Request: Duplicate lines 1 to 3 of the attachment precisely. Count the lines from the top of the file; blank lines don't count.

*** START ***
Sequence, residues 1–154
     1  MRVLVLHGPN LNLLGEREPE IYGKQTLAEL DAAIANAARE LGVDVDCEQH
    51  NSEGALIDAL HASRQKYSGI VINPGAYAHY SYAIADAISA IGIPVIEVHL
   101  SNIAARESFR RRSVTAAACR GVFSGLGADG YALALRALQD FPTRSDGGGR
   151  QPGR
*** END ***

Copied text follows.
Sequence, residues 1–154
     1  MRVLVLHGPN LNLLGEREPE IYGKQTLAEL DAAIANAARE LGVDVDCEQH
    51  NSEGALIDAL HASRQKYSGI VINPGAYAHY SYAIADAISA IGIPVIEVHL